This is somehow similar to what goes on inside our brains, but of course to a much lesser extent. Let us assume that we perceive the world at an average speed of 10 mental snapshots per second. Every time our brain captures 10 snapshots, it assumes that one second has elapsed. Now imagine that your brain’s processing speed is suddenly given a boost, say from a dose of drug stimulants such as LSD or ‘speed’, which causes a surge in brain electrical activity and allows the brain to start capturing 20 snapshots per second. Under normal circumstances, 20 snapshots would have taken two seconds to record at the brain’s normal recording speed of 10 fps. When those 20 snapshots are processed, the brain assumes that they must have spanned a period of two seconds instead of the one ‘real’ second that was actually needed to record them. One second of ‘real’ time will contain 2-seconds worth of information and will therefore appear to have stretched, as if time had passed slowly. The faster our brain is at processing sensory information, the slower time appears to run. The speed at which we experience the flow of time is nothing but the speed of our thoughts.
The converse can also explain how time seems to fly in certain situations. In the 1920s, when movie making was still in its early days, silent films were recorded at a slow speed of 16 frames per second and had to be replayed at much higher frame rates to look continuous and real. This made the movie appear as if it was running in fast-forward mode. Charlie Chaplin style movies are a perfect case in point; everything moves literally faster than normal as if time was running fast. This analogy helps us understand what goes on in the brain when it records fewer mental snapshots per second, say 5 fps instead of the normal 10 fps, for the sake of demonstration. This means it will need two seconds to capture the 10 snapshots it normally captures in one second. When those 10 snapshots are processed, the brain assumes that the two seconds it took to capture them is just one second. At that rate, two minutes will seem like just one minute and the day will be over before you know it. The slower your brain is in processing sensory information, the faster time seems to run. This seemingly inverse relationship is important to understand why we sometimes experience time as speeding up or slowing down. So how fast are we actually ‘recording’ reality? That question will have to wait for another post.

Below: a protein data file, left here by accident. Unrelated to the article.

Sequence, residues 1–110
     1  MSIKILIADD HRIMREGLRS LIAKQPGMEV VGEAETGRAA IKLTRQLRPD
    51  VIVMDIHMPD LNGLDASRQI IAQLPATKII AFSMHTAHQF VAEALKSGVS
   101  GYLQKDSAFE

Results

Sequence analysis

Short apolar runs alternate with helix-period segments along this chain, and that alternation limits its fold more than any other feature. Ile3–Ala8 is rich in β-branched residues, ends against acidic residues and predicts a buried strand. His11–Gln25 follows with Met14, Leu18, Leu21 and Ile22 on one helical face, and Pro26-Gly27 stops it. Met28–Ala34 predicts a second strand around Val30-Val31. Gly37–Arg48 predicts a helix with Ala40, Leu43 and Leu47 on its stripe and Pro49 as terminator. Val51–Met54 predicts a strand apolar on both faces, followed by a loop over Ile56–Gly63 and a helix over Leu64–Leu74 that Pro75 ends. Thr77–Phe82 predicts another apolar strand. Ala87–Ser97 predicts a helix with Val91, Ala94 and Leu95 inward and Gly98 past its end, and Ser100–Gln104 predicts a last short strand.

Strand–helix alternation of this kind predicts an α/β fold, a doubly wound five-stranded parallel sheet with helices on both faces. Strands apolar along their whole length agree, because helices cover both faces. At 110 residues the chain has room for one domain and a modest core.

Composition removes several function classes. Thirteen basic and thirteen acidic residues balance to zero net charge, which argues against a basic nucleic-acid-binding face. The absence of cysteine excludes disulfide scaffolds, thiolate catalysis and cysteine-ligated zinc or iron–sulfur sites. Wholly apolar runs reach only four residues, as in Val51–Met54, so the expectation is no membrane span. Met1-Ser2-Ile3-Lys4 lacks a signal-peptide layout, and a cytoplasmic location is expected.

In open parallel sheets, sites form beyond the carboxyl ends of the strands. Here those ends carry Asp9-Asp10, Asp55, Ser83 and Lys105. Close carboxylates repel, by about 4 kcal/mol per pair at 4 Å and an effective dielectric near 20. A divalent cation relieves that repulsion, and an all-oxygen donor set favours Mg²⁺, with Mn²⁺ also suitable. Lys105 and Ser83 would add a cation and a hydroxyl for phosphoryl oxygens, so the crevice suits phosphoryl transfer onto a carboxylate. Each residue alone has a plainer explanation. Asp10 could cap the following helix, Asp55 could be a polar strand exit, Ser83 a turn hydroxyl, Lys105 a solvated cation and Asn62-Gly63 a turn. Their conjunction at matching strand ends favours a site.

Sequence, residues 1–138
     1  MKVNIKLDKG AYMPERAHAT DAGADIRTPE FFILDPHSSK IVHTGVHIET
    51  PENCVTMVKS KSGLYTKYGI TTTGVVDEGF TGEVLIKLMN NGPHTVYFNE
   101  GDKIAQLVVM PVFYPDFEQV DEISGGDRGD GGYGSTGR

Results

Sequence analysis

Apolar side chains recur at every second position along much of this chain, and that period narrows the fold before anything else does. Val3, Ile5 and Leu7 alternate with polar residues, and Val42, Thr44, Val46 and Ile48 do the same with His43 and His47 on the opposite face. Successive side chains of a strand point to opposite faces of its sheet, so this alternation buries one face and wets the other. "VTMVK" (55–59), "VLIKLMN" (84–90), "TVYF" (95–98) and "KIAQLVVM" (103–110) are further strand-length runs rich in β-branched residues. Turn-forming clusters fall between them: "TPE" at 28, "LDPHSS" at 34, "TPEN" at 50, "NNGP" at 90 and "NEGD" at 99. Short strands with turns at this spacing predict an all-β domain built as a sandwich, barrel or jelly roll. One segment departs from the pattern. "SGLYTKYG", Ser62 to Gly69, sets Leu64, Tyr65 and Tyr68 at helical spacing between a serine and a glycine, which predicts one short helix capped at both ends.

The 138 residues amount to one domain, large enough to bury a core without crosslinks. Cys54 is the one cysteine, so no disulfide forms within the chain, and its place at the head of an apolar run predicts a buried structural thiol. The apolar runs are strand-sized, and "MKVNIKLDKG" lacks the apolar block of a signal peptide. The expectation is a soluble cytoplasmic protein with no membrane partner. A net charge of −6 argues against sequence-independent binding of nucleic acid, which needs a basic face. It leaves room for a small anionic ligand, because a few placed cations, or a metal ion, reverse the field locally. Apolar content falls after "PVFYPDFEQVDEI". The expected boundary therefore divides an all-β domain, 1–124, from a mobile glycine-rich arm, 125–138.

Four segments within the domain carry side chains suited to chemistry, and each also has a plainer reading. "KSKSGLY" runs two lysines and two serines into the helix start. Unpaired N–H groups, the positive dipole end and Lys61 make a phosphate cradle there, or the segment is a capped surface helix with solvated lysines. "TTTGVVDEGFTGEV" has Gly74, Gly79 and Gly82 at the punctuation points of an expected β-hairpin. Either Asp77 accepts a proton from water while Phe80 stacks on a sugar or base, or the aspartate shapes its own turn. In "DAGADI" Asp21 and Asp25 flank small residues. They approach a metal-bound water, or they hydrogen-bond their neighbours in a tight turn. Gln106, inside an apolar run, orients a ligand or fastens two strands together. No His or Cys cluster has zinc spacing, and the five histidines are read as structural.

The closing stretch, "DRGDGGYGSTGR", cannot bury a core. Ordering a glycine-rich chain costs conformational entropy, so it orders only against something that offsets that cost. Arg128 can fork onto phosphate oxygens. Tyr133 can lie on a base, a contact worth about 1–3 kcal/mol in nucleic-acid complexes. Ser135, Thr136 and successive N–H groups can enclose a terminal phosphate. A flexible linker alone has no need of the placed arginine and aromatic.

To measure how fast time runs in your mind, check this new Online Speed of Time Test. You will receive a detailed report about how your personality affects your time experience!
For more information about how our brains experience time and how to slow down time, please check ‘The Power of Time Perception: Control the Speed of Time to Make Every Second Count’ which is now available on:
References & Notes:
- Hume D. The Philosophical Works of David Hume, Vol. 1 (Treatise of Human Nature Part 1) – Online Library of Liberty.; 1828. http://oll.libertyfund.org/titles/1481.
- VanRullen R, Koch C. Is perception discrete or continuous? Trends Cogn Sci. 2003;7(5):207-213. doi:10.1016/S1364-6613(03)00095-0.